THE WRITER ALICE GREGORY once called anorexia “the impossible subject.” Writing about the disease was difficult, she suggested, because “unlike other kinds of addictions, anorexia disguises itself as virtue.” Accounts of eating disorders tend to use language associated with self-improvement and discipline, and risk romanticising the illness.
While shooting “The Girls of Malawa”—a photo project that documents young women with eating disorders—the Danish photographer Marie Hald realised that illnesses involving aspirations for the body are inextricable from notions of the self. “With my camera as my tool I discovered that anorexia and bulimia has little to do with the actual body but much more to do with control and perfection,” she said.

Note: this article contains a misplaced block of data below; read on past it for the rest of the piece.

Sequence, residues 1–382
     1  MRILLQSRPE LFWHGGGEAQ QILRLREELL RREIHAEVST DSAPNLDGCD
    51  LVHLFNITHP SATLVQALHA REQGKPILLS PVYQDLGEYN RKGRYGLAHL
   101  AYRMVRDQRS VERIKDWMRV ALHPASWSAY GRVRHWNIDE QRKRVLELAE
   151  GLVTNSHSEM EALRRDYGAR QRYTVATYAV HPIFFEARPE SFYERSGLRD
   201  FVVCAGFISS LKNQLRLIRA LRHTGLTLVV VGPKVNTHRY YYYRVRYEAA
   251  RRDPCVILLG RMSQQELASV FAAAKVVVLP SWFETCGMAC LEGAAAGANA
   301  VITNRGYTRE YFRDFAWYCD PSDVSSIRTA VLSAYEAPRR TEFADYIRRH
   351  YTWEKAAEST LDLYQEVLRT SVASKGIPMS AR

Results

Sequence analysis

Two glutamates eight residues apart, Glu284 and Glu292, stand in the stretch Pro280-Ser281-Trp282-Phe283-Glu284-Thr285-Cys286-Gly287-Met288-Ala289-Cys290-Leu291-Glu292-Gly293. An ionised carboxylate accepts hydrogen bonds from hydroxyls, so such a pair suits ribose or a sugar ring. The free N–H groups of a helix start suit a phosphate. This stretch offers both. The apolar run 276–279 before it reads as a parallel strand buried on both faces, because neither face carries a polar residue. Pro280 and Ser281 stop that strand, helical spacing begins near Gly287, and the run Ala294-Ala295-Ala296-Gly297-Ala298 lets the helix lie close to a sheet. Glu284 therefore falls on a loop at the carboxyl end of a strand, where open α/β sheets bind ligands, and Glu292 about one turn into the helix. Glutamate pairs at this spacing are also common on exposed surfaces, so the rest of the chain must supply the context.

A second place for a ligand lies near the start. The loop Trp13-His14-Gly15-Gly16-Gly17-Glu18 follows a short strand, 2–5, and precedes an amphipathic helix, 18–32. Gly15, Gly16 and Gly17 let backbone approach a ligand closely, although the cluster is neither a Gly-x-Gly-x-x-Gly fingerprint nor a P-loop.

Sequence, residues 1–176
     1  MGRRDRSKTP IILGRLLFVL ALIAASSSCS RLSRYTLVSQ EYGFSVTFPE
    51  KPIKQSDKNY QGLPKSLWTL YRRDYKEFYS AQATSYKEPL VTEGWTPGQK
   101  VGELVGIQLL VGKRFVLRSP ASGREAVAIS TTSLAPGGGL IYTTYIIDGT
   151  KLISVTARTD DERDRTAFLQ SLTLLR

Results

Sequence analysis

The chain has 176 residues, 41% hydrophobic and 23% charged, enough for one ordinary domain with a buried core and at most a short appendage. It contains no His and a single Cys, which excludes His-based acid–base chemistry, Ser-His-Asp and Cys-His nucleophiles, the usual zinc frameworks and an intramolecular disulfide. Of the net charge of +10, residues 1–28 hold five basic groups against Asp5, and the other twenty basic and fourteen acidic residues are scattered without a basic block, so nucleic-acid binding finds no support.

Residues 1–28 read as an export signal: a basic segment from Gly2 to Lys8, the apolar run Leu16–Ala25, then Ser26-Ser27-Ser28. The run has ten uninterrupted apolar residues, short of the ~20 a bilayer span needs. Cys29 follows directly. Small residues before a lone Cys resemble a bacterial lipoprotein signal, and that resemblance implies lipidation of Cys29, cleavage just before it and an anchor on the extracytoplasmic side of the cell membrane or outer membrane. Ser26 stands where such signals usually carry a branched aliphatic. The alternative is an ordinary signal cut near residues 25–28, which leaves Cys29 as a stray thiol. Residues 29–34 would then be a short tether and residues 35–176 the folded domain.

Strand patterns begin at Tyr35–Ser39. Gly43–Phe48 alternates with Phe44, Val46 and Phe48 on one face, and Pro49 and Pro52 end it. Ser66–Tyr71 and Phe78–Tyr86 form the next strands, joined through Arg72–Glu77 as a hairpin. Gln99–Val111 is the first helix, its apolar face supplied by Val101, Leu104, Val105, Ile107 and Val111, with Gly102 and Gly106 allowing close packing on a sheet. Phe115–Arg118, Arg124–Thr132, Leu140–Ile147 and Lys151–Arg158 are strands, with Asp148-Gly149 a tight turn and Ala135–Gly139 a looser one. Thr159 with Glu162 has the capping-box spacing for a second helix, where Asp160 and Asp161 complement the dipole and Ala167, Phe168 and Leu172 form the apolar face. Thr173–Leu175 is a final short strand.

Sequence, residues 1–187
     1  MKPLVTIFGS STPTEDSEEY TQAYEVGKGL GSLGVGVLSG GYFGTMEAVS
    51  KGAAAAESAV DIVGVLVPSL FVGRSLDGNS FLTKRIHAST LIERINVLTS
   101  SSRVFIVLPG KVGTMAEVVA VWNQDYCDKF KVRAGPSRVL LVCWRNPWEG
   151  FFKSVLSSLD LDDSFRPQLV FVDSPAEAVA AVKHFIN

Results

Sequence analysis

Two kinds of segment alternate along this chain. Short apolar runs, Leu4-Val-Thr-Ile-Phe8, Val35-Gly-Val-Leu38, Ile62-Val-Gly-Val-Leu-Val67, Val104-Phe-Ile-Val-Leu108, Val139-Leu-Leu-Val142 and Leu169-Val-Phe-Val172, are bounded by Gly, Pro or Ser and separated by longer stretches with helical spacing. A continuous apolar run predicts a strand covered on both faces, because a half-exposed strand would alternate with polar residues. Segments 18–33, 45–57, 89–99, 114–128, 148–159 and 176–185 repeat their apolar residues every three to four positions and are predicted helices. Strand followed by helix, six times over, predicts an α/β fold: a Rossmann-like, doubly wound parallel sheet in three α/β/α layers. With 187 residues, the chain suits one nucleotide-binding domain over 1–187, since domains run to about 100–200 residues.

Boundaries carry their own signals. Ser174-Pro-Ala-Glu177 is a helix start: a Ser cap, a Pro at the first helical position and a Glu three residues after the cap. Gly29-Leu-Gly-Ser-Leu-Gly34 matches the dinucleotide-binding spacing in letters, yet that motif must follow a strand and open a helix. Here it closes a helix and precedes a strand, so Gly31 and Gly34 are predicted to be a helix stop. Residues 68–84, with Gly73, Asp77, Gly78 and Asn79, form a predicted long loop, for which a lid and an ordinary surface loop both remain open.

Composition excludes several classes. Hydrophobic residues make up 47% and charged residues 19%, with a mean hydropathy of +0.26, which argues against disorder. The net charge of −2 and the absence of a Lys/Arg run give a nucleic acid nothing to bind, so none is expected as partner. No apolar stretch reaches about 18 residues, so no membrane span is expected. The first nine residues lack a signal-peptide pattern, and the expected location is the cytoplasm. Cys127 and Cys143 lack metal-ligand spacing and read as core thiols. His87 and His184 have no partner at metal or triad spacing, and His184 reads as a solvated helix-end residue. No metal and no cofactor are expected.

Her project documents girls with anorexia and bulimia during their time at Drzewo Zycia—Tree of Life—a facility in Malawa, Poland. They spent up to two months there getting treatment and therapy. The space was set up by a woman whose daughter had also suffered from bulimia and had to be treated in the United States because they could not find an adequate facility in Poland.
One image shows two girls in the shadows, in front of a table, with one’s hand hovering tentatively above a plastic bag of food. Hald explained that breakfast is the only meal where the girls were allowed to eat what they wanted, and even deciding on a breakfast topping represented a difficult choice. The girls had five meals a day, and were asked to sit down for an hour after every meal to prevent anyone acting on an impulse to vomit. They also attended regular therapy sessions, as individuals and in groups.
According to Hald, the patients appeared very motivated about recovering, particularly as they had had long battles with the illnesses, and some had been hospitalised previously. As a result, most of them were intellectually aware of their disorders, yet “struggling so much not to listen to the voices inside their heads telling them to avoid eating.”